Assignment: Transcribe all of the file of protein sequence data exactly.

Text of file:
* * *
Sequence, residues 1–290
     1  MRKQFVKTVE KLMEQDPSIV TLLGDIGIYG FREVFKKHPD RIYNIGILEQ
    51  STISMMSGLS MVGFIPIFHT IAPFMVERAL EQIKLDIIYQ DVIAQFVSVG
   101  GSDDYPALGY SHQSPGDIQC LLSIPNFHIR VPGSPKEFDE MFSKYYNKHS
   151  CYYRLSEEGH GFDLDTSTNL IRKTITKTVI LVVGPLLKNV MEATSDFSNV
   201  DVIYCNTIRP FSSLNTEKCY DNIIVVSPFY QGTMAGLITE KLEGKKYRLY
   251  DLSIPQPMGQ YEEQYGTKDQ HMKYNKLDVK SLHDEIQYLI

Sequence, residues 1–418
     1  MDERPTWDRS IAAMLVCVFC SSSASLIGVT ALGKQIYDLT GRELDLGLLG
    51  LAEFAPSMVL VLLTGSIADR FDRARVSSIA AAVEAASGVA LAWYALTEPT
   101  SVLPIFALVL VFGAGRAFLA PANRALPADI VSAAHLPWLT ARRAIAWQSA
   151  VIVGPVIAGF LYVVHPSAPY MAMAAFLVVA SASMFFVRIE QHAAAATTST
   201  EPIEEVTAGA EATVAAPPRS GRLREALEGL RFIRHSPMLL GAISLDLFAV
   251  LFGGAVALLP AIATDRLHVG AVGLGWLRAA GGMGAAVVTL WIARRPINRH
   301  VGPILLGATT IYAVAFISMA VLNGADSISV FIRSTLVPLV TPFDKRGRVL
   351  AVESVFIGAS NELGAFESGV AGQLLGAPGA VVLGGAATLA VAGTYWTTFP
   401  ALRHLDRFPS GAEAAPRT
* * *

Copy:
Sequence, residues 1–290
     1  MRKQFVKTVE KLMEQDPSIV TLLGDIGIYG FREVFKKHPD RIYNIGILEQ
    51  STISMMSGLS MVGFIPIFHT IAPFMVERAL EQIKLDIIYQ DVIAQFVSVG
   101  GSDDYPALGY SHQSPGDIQC LLSIPNFHIR VPGSPKEFDE MFSKYYNKHS
   151  CYYRLSEEGH GFDLDTSTNL IRKTITKTVI LVVGPLLKNV MEATSDFSNV
   201  DVIYCNTIRP FSSLNTEKCY DNIIVVSPFY QGTMAGLITE KLEGKKYRLY
   251  DLSIPQPMGQ YEEQYGTKDQ HMKYNKLDVK SLHDEIQYLI

Sequence, residues 1–418
     1  MDERPTWDRS IAAMLVCVFC SSSASLIGVT ALGKQIYDLT GRELDLGLLG
    51  LAEFAPSMVL VLLTGSIADR FDRARVSSIA AAVEAASGVA LAWYALTEPT
   101  SVLPIFALVL VFGAGRAFLA PANRALPADI VSAAHLPWLT ARRAIAWQSA
   151  VIVGPVIAGF LYVVHPSAPY MAMAAFLVVA SASMFFVRIE QHAAAATTST
   201  EPIEEVTAGA EATVAAPPRS GRLREALEGL RFIRHSPMLL GAISLDLFAV
   251  LFGGAVALLP AIATDRLHVG AVGLGWLRAA GGMGAAVVTL WIARRPINRH
   301  VGPILLGATT IYAVAFISMA VLNGADSISV FIRSTLVPLV TPFDKRGRVL
   351  AVESVFIGAS NELGAFESGV AGQLLGAPGA VVLGGAATLA VAGTYWTTFP
   401  ALRHLDRFPS GAEAAPRT